New York Employment Law Statute of Limitations
There are two different routes that claims may take. On the federal side, the statute of limitations applies to claims filed against employers with at least 15 employees. The state side also has laws that apply to discrimination and most termination issues.
When pursuing action through federal court, an employee must first go through the Equal Employment Opportunity Commission. In New York State, an EEOC claim must be filed within 300 days. There are two ways to bring a state claim: through the New York State Division of Human Rights, and those claims must be filed within a year, or to go straight to court.
It is not possible to immediately begin court proceedings on the federal side, but on the state side, the statute of limitations for claims of racial discrimination, reverse discrimination, or gender discrimination is three years. This three-year statute of limitations is an article of the New York Executive Law that is otherwise known as the Human Rights Law.
How an Employer Should Handle Discrimination and Harassment Complaints
Upon receipt of a legitimate harassment complaint, the employer has three obligations. One is to take a full statement from the person making the allegation. Second, the employer must conduct a timely investigation. Third, after deciding whether harassment occurred, the employer must take appropriate corrective action.
An investigation entails taking statements from all witnesses, especially from the person making the complaint. Then, the employer must weigh the reports. If an employer believes that the harassment did in fact occur, the appropriate corrective action may be to fire the harasser, though this is not always necessary. Appropriate corrective action is a legal expression over which lawyers have argued for 20 years, and although it does not always have to include termination, this is what sometimes happens.
Steps to Take After Receiving a Complaint from the EEOC
As an employer, one should not ignore any charge, such as a complaint from the EEOC that may be received. It is important to respond in a timely and thoughtful manner in all dealings with the EEOC. However, an employer should not respond to the EEOC without consulting an attorney, who will have information about the minutiae of the employee’s claim to be targeted in the response. No employer wants to inadvertently say something in a response that could hurt her or him before the EEOC or at trial.
In the event that an employer receives a complaint filed by an employee through the EEOC or the New York State Division of Human Rights, the most important thing to remember when dealing with one of those agencies is to cooperate.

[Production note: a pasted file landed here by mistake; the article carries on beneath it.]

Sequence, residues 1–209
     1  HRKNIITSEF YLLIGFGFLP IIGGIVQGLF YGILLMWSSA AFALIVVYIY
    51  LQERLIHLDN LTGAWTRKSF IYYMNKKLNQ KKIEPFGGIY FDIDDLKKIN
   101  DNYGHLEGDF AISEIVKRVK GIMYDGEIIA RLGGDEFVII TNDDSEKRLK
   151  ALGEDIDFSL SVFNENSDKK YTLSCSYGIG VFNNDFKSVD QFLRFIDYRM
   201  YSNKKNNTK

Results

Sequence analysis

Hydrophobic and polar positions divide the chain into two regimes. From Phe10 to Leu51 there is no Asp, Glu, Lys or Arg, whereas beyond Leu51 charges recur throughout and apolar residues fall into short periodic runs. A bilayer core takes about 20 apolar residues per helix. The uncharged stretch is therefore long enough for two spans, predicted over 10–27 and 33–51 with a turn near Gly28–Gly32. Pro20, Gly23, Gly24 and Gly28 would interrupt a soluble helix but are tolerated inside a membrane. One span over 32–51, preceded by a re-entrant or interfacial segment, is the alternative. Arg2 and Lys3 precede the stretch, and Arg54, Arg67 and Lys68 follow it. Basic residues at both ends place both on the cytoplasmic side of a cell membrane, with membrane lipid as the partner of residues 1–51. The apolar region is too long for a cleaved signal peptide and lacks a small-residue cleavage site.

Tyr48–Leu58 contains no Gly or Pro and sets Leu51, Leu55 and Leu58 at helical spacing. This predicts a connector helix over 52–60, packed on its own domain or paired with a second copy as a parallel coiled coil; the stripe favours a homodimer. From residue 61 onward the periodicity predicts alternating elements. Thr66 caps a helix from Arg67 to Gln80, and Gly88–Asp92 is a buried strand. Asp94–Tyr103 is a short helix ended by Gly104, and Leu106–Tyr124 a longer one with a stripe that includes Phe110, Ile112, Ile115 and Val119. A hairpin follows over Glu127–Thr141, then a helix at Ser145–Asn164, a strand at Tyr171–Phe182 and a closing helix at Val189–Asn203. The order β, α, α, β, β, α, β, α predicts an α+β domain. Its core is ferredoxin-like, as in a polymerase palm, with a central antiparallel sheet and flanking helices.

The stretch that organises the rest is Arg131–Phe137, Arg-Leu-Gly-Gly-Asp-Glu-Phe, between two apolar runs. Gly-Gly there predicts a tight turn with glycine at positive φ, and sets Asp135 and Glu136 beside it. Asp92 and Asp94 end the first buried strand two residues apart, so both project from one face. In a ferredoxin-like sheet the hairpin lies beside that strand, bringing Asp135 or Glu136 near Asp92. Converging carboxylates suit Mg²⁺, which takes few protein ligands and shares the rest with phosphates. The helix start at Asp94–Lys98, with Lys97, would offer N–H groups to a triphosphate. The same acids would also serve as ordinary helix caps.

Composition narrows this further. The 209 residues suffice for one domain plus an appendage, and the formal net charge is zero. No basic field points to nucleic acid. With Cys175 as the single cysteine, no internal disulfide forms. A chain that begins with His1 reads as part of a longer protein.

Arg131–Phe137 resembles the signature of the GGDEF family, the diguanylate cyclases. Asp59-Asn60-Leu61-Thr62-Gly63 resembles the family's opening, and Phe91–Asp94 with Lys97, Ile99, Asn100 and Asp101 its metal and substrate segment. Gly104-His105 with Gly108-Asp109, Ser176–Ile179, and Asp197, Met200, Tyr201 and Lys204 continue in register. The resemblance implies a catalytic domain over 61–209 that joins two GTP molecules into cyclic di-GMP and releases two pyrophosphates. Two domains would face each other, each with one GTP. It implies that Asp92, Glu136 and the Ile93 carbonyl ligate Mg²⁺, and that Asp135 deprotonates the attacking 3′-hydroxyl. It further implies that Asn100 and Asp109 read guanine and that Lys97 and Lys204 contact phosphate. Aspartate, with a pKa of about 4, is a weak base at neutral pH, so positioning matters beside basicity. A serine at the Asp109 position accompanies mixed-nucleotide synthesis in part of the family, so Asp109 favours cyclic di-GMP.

Both agencies ask for many different documents, but the best thing that you as an employer can do is to provide the documents without delay. An employer should demonstrate a spirit of cooperation with the investigators because they have the power to rule against her or him. Afterwards, you will have to accommodate any meetings that the agencies may schedule. There will likely be an investigative information-gathering session in which the claimant and the company are both present. The employer and the employee will not be allowed to talk to each other, they will speak in each other’s presence.
You will have to prepare yourself and your witnesses in advance of that meeting in terms of demeanor, what to say, and what not to say. An employer should be prepared to mediate right on the spot and to talk settlement, even early on. Employers must demonstrate that they are willing to be cooperative and work with the agencies. Sometimes that includes making modest settlement offers early in the process.
Recoverable Damages in a Discrimination Claim
The basic law governing New York employment law and discrimination claims used to be limited to recovery of lost wages, either past, prospective, or future. Over time, the rules for these claims have expanded to allow the recovery of attorney’s fees in the event that a claim is successful.
About 25 years ago, the laws were amended to allow for what lawyers call emotional distress damages or mental anguish damages. Those kinds of damages are now recoverable under both federal and state law. From time to time, however, we must consult an economist to figure out what a person has lost. Prospective lost wages can be hard to estimate; when working with people in their 50s who will face difficulty when reentering the workforce, economists can extensively debate those prospective future lost wages.
Discipline, Retaliation, and Termination in New York Employment Law
What Are My Rights as an Employee When I Am Being Disciplined for Misconduct?
Employees do not have many rights when they are being disciplined. If you are an employee-at-will, your employer can fire you, suspend you, reprimand you, or write you up for misconduct. The situation becomes trickier if you and another employee are engaging in the same behavior, but only one of you is getting written up. It is further questionable if you happen to be a member of a recognized protected class and the other employee is not. If you are being treated unfairly even though you and another employee are doing the same thing, you might want to call an attorney to make sure your rights under state or federal law are not being violated.
Unlawful Retaliation in the Workplace
The issue of unlawful retaliation in the workplace comes up quite often in my practice. Retaliation is being punished as a result of bringing illegality to the attention of your employer. Most companies now have a harassment policy regarding complaining; in order to get your issue out of the employer’s domain and into a court, you must first complain to your employer. This serves to bind some employers because, once you have gone through the potentially awkward step of making that complaint, most employers are hesitant to retaliate against you. Regardless, retaliation in the workplace is a sadly common occurrence, and if that happens, you must get hold of a lawyer as soon as possible.